December 01, 2020
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The Fantasy Of A Masculine State

Ashis Nandy in the Times of India:

Jinnah demanded a looser, federal polity built around powerful provinces as a way out of partitioning the country. The Indian National Congress first accepted the idea and then ditched it. Paradoxically, the power that Jinnah demanded for the provinces was in many ways less than the power the chief ministers of some Indian states have exercised in recent years.

This background explains why, 60 years after the event, partition and the roles in it of individual leaders haunt our political culture. We are still debating in our hearts our birth trauma. We cannot accept that our midwives, too, were children of their times and spoke from within the colonial world in which they lived. We use them as archetypes to battle our fears, anxieties and self-doubts. We are what we are, we suspect, because of their choices, not ours. 

Read the full piece where he says he  looks "at the future with apprehension and fear that we may have already lost a part of our selfhood" at the Times of India

The Fantasy Of A Masculine State
outlookindia.com
1970-01-01T05:30:00+0530

Ashis Nandy in the Times of India:

Jinnah demanded a looser, federal polity built around powerful provinces as a way out of partitioning the country. The Indian National Congress first accepted the idea and then ditched it. Paradoxically, the power that Jinnah demanded for the provinces was in many ways less than the power the chief ministers of some Indian states have exercised in recent years.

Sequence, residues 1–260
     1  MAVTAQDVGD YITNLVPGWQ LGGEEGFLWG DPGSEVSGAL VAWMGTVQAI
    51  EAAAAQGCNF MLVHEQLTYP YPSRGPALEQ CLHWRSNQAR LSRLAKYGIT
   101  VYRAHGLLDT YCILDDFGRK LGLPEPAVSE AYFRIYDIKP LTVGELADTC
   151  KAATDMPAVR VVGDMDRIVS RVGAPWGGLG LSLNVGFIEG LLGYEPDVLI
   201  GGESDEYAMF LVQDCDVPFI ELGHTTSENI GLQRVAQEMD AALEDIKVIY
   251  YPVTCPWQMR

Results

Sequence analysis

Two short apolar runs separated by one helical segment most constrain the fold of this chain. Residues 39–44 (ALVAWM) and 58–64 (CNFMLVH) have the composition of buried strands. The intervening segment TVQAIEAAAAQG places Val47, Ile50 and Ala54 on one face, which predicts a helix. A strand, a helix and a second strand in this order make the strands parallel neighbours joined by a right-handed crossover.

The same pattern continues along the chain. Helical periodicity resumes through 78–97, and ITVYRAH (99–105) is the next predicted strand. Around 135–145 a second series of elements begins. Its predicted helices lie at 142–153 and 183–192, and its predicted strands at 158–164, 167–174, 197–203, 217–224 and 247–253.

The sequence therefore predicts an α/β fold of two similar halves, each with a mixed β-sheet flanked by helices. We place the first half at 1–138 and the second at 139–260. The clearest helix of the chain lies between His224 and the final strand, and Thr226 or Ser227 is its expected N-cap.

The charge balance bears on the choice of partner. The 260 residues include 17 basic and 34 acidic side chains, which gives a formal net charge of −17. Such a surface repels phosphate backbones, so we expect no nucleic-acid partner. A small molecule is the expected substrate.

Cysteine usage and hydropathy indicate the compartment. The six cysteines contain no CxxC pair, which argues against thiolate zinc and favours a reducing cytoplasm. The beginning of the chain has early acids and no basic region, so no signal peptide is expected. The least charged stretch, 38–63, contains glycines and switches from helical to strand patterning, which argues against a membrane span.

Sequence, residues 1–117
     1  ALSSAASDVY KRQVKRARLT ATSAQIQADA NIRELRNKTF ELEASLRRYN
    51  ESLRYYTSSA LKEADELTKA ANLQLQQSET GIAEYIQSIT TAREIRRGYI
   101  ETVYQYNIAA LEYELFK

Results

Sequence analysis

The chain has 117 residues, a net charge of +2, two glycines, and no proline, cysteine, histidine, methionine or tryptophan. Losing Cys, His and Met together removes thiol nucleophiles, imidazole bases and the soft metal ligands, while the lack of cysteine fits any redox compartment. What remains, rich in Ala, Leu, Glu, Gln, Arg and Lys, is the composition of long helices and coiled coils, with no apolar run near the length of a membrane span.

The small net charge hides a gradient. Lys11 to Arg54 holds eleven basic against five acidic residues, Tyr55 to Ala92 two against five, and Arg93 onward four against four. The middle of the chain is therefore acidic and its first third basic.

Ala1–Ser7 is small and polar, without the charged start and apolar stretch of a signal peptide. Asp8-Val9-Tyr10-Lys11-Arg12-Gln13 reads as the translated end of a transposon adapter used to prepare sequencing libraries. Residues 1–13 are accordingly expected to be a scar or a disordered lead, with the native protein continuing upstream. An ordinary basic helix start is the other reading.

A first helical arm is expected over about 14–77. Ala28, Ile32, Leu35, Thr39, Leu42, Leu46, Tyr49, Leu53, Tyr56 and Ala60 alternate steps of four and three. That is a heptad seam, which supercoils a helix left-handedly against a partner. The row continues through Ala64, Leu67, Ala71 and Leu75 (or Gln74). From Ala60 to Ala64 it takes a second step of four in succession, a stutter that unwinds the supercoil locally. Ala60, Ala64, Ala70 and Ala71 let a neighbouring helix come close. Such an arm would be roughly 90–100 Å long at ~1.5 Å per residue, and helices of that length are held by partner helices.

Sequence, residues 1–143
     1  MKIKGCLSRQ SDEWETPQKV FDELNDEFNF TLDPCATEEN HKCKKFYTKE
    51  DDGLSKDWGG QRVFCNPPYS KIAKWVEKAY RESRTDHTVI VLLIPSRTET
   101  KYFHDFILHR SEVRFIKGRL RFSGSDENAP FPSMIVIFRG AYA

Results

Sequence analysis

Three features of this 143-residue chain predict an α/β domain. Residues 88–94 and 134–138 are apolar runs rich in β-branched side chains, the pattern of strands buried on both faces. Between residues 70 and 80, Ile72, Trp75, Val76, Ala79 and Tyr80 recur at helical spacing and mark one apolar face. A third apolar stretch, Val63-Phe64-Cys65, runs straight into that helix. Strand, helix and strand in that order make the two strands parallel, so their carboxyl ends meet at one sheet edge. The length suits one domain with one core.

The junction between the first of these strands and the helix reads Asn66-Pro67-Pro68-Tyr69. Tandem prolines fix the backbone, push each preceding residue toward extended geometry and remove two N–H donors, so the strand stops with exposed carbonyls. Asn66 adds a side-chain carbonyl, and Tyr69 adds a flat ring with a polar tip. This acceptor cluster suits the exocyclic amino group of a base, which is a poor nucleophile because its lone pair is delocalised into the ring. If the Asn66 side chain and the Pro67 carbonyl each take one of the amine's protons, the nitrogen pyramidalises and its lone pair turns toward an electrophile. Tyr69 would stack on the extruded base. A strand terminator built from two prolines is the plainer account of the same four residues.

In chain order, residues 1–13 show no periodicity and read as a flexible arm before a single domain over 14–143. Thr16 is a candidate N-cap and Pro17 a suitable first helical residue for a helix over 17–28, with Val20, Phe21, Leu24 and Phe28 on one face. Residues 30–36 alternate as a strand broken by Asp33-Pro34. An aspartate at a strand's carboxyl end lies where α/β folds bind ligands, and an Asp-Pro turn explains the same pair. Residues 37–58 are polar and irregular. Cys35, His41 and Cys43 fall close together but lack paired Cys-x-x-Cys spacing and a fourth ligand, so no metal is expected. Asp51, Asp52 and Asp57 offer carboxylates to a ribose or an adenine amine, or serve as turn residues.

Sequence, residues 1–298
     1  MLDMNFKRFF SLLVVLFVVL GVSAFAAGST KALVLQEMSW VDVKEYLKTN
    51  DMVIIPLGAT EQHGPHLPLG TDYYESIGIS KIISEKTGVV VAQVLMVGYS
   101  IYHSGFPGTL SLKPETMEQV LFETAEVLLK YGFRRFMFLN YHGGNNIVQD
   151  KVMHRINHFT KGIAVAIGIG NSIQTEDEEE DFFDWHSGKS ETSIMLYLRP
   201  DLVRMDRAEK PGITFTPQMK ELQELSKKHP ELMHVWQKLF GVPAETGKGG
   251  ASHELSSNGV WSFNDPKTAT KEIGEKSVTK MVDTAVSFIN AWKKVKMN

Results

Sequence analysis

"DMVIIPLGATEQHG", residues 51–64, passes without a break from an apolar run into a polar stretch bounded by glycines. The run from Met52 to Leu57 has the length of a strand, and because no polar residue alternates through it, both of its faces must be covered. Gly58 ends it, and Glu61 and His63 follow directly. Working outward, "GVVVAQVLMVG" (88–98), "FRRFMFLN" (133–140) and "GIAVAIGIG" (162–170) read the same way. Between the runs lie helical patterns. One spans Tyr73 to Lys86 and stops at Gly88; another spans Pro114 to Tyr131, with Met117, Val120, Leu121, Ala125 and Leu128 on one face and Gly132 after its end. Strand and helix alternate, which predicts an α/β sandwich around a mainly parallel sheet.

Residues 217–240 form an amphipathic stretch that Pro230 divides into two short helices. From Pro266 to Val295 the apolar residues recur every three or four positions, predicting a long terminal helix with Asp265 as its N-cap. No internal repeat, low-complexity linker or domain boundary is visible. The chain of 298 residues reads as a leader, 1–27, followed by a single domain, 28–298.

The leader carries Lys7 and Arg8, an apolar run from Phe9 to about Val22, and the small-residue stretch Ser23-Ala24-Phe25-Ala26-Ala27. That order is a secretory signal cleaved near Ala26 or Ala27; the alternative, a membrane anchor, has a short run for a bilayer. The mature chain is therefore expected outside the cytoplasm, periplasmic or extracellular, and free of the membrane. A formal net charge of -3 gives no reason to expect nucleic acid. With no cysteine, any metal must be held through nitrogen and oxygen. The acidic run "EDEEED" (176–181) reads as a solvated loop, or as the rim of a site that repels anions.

This background explains why, 60 years after the event, partition and the roles in it of individual leaders haunt our political culture. We are still debating in our hearts our birth trauma. We cannot accept that our midwives, too, were children of their times and spoke from within the colonial world in which they lived. We use them as archetypes to battle our fears, anxieties and self-doubts. We are what we are, we suspect, because of their choices, not ours. 

Read the full piece where he says he  looks "at the future with apprehension and fear that we may have already lost a part of our selfhood" at the Times of India

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